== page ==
A tiny emerald land of 3,702 Sq. Km. on the west
coast of India, with its natural scenic beauty, attractive beaches,
churches and temples, famous for it's architecture, feasts and
festivals and above all hospitable people with a rich cultural milieu,
has an ideal tourist profile. Econced on the slopes of the Western
ghats (Sahyadri ranges), Goa is bounded on the North by Sindhudurg
district of Maharashtra, on the East by Belgaum, on the South by
Karwar Districts of Karnataka, and on the west by Arabian Sea.
To the south of Maharashtra lies Goa. The 100km- (60 mile-) long
coastline offers some of the finest beaches in the subcontinent. Goa
was under Portuguese rule until 1961, and there is also a charming
blend of Latin and Indian cultures. Panaji, the state capital,
is one of the most relaxed and elegant of India's cities. The town is
dominated by the huge Cathedral of the Immaculate Conception, but the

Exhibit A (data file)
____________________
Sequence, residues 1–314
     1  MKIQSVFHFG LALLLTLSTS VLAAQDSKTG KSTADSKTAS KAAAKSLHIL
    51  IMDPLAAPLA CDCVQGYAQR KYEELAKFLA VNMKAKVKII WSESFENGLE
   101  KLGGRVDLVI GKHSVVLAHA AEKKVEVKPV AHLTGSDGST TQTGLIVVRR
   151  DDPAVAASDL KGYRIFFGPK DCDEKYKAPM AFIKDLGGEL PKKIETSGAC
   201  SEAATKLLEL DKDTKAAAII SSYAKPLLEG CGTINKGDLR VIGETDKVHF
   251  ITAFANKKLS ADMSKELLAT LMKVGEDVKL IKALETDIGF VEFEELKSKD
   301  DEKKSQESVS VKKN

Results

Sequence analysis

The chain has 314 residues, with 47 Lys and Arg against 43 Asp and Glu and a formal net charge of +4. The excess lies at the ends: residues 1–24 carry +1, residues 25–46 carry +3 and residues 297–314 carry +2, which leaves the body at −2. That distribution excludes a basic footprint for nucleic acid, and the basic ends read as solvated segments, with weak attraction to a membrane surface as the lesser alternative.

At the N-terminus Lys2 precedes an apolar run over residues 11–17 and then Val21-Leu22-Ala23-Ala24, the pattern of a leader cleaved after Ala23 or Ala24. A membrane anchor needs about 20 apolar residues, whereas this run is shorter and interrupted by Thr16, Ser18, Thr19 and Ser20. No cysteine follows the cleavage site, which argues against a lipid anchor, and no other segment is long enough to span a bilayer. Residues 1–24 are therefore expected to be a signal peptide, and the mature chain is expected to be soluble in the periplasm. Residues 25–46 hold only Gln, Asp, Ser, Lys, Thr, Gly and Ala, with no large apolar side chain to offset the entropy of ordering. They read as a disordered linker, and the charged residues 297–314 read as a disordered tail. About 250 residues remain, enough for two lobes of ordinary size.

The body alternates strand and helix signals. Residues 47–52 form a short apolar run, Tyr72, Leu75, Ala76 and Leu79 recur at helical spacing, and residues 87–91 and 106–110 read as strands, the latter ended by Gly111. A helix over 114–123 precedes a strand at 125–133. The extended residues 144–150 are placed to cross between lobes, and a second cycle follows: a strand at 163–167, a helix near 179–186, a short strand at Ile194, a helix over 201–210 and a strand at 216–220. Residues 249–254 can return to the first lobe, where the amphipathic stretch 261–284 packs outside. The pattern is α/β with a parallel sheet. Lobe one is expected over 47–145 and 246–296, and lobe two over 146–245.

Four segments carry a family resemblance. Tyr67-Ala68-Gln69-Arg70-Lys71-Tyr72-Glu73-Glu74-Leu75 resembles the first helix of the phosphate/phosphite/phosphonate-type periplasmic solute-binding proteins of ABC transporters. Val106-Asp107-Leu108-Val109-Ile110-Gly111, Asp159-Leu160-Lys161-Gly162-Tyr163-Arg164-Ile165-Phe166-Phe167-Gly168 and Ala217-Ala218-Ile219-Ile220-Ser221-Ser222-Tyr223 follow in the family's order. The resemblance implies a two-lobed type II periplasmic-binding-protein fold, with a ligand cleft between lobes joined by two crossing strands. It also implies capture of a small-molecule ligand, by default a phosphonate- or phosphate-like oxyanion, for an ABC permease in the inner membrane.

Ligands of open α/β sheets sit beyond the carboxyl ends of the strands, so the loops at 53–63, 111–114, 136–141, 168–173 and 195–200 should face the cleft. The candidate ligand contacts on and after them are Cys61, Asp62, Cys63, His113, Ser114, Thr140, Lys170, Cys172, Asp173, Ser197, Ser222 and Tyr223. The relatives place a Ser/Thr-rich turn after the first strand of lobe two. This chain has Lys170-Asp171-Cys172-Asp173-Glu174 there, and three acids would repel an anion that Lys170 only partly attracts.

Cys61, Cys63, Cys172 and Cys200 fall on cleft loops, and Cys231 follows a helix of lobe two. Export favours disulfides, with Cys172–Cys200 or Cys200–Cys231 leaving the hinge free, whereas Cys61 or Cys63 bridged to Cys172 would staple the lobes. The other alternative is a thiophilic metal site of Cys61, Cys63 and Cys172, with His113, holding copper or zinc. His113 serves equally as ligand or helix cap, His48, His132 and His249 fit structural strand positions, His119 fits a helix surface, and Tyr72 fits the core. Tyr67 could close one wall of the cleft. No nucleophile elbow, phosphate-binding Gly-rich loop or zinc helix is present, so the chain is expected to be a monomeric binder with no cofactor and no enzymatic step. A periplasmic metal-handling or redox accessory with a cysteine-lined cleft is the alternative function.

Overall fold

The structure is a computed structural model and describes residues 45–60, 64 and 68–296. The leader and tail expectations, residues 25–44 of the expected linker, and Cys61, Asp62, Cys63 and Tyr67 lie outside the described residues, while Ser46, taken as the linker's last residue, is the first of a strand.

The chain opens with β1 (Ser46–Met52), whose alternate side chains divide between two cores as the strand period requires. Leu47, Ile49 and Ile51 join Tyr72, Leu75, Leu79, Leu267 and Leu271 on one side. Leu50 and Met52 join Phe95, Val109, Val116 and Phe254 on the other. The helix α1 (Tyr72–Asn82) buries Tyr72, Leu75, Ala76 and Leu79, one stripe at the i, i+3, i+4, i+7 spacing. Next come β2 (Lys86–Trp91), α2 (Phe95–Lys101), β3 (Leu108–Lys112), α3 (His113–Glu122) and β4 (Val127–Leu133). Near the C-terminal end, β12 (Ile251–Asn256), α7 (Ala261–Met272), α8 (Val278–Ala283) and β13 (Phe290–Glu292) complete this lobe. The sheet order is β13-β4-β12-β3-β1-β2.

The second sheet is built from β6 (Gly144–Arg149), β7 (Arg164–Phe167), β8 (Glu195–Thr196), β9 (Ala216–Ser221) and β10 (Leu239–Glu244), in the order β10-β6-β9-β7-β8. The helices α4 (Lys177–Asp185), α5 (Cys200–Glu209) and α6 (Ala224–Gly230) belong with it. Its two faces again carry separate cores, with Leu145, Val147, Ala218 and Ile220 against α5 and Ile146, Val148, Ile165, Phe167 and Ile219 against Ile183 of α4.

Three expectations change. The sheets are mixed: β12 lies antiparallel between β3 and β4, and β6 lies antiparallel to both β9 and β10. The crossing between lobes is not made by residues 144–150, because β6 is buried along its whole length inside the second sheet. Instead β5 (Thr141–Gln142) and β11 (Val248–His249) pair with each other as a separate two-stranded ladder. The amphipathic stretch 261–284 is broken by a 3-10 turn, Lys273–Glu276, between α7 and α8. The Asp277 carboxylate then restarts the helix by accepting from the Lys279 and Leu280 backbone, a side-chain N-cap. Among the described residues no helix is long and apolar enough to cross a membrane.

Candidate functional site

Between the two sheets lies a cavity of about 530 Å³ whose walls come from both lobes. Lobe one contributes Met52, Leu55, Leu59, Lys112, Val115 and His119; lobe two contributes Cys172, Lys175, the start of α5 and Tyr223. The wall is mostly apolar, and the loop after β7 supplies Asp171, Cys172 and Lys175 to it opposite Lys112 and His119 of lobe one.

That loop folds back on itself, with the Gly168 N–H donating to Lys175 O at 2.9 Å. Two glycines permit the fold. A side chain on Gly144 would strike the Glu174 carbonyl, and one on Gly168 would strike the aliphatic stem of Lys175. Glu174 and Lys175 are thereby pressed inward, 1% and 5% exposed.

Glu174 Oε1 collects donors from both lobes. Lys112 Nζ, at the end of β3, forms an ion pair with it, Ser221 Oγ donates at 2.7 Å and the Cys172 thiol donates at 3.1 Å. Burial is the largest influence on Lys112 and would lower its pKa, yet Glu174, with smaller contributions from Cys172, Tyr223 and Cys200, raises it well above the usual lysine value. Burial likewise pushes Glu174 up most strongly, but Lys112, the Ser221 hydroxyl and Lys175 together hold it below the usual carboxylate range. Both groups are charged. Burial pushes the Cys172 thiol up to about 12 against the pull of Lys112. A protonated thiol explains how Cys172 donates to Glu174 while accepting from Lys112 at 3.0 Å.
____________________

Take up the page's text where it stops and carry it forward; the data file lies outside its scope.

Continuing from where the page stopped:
shops, bars and pleasant streets are its main attraction. ‘Old Goa',
only a bus ride away from Panaji, displays a bewildering variety of
architectural styles. Buildings of note include the Basilica and the
Convent and Church of St Francis of Assisi. In nearby Ponda is
the 400-year-old Temple of Shri Mangesh, which is said to be the
oldest Hindu shrine.
Goa's infamous hippies are being replaced by
backpackers, Indian visitors and package tourists. Full moon parties
still take place in Anjuna but are smaller and less authentic
than in the heady days of the 1960s. Anjuna is also famous throughout
Goa for its Wednesday flea market. If you are looking for beautiful,
quiet beaches head for the South between Benaulim and Palolem.
Accommodation in the region includes the luxury
resort of Aguada, the Taj holiday village and the Aguada hermitage.
There are also good, simple hotels and cottages for rent in villages
along the coastline, notably Calangute, Baga and Colva.
Goa also has several wildlife sanctuaries,
including Bondla in the hills of western Ghats, where wild boar
and sambar can be seen in their natural habitat. The region is famous
for its food - an array of dishes, both Indian and Portuguese - as
well as for its colorful festivals, including the spectacular Carnival
held on the three days leading up to Ash Wednesday.